This is a discussion on RT task preemtion/scheduling on SMP - Kernel ; Ciao, while studying how real-time tasks (i.e. SCHED_FIFO or SCHED_RR) are implemented on SMP systems with respect to preemption of lower priority tasks, I came to the following question: On uni-processor (UP) systems higher priority tasks are guaranteed to preempt ...
while studying how real-time tasks (i.e. SCHED_FIFO or SCHED_RR) are
implemented on SMP systems with respect to preemption of lower priority
tasks, I came to the following question:
On uni-processor (UP) systems higher priority tasks are guaranteed to
preempt lower priority ones as soon as they become runnable. Now I am
wondering what happens on SMP systems as ideally for example once a RT
task which has a higher priority than any of the currently executing
tasks on the different CPUs becomes runnable it should also be
immediately scheduled on the CPU with the lowest priority currently
executing task. So, in terms of real-time, it should be guaranteed that
at any moment the set of runnable tasks with the highest priorities are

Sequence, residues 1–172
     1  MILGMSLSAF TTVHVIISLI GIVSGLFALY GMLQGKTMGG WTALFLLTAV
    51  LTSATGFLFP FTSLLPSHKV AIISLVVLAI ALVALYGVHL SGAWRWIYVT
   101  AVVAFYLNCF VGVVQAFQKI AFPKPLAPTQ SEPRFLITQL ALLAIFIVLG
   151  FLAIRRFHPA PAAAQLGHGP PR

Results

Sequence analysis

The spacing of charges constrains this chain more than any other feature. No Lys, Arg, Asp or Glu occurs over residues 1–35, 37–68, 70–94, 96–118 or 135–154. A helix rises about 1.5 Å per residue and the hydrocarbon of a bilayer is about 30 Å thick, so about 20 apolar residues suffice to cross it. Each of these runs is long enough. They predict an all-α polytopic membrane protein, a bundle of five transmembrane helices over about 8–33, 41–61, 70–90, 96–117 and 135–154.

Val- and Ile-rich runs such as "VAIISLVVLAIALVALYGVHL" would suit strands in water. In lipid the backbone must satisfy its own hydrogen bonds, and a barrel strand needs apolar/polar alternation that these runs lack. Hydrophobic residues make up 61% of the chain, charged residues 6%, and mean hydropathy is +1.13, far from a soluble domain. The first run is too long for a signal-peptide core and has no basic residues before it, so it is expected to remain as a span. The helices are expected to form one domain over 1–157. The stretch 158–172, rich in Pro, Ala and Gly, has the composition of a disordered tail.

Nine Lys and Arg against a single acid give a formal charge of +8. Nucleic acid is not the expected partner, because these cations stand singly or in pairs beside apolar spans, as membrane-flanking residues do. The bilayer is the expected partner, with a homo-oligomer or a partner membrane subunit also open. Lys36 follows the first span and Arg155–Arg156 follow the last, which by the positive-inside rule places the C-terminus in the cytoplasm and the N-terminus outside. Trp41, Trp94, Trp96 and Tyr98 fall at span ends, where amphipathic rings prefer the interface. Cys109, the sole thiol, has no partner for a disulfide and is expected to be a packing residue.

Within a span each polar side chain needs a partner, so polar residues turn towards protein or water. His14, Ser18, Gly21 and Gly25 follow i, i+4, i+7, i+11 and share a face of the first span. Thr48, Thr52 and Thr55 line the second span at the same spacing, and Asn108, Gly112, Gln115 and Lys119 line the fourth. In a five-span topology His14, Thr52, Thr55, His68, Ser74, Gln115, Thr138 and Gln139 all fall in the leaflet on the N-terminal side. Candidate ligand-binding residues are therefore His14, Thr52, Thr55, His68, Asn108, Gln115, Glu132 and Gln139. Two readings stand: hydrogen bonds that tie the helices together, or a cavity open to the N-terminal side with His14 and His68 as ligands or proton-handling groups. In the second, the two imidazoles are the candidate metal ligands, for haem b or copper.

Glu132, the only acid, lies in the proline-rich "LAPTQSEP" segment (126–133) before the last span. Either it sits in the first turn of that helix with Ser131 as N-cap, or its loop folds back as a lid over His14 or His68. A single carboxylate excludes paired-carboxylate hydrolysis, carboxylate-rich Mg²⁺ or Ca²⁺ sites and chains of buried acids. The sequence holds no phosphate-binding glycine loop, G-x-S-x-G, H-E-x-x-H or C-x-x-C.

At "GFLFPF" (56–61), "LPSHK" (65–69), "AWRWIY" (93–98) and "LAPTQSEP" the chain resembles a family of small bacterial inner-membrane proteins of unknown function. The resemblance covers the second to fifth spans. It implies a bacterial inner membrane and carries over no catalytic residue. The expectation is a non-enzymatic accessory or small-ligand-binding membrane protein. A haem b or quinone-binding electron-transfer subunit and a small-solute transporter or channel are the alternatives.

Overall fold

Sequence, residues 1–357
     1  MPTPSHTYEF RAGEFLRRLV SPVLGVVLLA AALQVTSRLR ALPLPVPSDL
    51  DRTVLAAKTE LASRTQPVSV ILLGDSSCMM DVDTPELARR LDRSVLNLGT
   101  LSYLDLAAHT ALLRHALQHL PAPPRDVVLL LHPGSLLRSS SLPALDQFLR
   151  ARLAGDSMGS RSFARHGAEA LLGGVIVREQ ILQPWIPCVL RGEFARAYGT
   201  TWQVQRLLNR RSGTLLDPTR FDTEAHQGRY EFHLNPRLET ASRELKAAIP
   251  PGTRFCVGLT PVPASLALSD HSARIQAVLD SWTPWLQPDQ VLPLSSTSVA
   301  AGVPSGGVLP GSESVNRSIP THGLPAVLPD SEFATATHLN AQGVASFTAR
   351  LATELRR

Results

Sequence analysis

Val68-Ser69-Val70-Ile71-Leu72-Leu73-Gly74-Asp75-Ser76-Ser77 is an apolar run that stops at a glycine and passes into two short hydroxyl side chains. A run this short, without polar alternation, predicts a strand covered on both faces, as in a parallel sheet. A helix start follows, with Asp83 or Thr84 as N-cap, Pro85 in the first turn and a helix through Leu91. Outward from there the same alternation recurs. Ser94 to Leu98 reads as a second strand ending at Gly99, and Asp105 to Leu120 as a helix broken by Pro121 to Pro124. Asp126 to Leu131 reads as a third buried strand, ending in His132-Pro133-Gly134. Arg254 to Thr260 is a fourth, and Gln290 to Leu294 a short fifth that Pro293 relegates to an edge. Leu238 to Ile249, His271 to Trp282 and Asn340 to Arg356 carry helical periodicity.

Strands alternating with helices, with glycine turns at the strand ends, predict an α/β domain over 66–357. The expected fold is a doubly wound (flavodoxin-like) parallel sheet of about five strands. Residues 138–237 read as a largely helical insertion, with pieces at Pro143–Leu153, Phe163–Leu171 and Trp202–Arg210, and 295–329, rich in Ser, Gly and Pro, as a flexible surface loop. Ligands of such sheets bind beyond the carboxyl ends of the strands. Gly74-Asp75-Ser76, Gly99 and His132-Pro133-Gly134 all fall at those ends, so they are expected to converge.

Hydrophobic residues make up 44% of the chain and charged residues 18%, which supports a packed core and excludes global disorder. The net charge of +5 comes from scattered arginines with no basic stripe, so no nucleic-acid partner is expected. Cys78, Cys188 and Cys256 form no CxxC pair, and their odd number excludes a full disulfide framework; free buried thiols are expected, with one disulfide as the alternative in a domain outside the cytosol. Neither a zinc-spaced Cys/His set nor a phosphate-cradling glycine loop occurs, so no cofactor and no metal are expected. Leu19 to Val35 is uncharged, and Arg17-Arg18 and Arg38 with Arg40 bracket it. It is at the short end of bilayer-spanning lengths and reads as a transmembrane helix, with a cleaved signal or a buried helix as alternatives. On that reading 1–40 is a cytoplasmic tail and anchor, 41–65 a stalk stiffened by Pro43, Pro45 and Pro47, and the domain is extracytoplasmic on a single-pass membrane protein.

actually running on the available CPUs.
Now, while studying the Linux kernel (precisely version 184.108.40.206 with
Ingo Molnar's RT patch version 220.127.116.11-rt4 applied) it seemed to me as
if the kernel maintains a separate run queue for each of the available
CPUs and would anyway put a RT task which becomes (again) runnable on
the run queue of the CPU with the lowest priority currently executing
task, but I could not find anything which would make sure that a
rescheduling takes place (e.g. by triggering an IPI) in case the awaking
task has a higher priority and the current CPU is different from the
selected one (on whose run queue it has put the awaking task).
Now, first of all I would like to ask if my observation is correct?
If yes, I am wondering if this problem has in the meanwhile been tackled
with, is currently under investigation, is gonna be tackled with in the
(near) future, is considered as being non resolvable (e.g. without
compromising the overall throughput of the system too heavily), or ...
P.S.: similarly to the above example, in case a RT task blocks, to me
it seems as if the next task is gonna be taken from the run queue
of the current CPU without considering that another CPU might have
a higher priority runnable task in its run queue.
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